I’m a guy who’s really got patience. I can really wait. I’m the kind of person who has to have a kind of faith. I do believe in faith… we definitely have to be here and make stuff for a reason. Of course, we cannot know exactly what is going on and why we are doing this, but I do have this faith. I know I’m doing this for some kind of reason. And the result is maybe not fitting my expectations for a certain thing, but if I do have patience, things will come out in a really good way or beyond my expectations. I’m good at waiting. 

JMK: Has there been a time where waiting and being patient really helped you out?

I remember when we just set up the tours, the first couple of tours were so bad. We spent tons of money trying to fly around the world, and definitely a lot of shit happened. We missed some flights, we lost our instruments doing all the flights, and at a certain point I felt like, “Why should we do this? Maybe I shouldn’t only write English songs, maybe I should just write in Mandarin and we can just stay in Taiwan and China so we don’t have to worry about flying around the world trying to prove we’re so different.”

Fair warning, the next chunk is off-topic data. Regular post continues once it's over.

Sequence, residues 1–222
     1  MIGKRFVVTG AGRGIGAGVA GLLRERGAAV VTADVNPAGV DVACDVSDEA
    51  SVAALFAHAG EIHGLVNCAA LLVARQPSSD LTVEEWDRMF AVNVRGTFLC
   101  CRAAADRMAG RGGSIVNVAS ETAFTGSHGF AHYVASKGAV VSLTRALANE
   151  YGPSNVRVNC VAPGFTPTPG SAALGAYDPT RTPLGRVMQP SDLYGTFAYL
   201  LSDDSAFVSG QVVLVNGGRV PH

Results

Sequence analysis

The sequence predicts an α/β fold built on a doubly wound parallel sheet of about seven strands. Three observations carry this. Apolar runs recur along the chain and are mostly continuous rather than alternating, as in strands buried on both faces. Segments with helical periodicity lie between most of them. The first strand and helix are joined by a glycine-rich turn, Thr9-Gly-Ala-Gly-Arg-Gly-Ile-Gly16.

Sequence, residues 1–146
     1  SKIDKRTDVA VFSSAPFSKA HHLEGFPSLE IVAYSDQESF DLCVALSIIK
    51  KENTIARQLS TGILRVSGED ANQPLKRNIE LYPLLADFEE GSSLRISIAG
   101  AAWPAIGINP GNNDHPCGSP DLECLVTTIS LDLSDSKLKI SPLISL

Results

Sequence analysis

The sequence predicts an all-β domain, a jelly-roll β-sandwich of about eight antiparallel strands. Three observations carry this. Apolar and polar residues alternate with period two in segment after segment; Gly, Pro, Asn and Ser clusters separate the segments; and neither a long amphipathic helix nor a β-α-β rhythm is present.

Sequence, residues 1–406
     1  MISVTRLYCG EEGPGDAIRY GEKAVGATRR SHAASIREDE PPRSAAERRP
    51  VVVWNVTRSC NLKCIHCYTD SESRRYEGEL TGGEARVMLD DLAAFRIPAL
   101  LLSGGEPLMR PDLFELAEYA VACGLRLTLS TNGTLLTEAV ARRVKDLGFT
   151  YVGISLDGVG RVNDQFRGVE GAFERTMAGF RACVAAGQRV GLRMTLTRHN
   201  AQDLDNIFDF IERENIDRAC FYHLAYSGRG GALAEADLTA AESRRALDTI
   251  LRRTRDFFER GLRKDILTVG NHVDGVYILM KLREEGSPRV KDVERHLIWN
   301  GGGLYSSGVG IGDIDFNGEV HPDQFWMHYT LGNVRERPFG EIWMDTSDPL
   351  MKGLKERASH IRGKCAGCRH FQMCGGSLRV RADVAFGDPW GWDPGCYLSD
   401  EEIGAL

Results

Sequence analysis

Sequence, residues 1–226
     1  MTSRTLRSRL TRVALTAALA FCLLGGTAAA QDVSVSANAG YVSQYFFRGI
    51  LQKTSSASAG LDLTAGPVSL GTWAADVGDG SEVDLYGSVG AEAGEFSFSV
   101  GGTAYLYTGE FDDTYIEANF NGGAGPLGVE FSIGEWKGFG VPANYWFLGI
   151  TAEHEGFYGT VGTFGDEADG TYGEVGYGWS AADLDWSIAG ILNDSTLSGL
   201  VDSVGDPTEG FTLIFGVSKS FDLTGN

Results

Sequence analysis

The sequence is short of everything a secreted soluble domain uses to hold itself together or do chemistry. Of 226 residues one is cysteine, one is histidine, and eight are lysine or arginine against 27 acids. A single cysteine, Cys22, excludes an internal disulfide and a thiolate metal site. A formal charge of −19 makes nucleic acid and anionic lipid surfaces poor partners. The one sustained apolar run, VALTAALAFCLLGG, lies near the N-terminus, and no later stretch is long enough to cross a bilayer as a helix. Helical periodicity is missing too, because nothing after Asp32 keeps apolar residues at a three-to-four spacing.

During that time, touring was so bad, no one really gave a shit. We couldn’t even make money, and the life of touring sucks. There were several times I was really questioning myself and whether I should keep doing this band, but I always have this really pure and naïve idea about wanting to do it because it’s fun. I can meet more people. I can feel the whole world and different cultures can inspire me even more, and the life of making music is fun. I don’t know how to explain it, but I just naturally want to do that. Just getting to know more people, and feeling like I’m living in the modern age. I feel like I’m in a big and tiny world through music.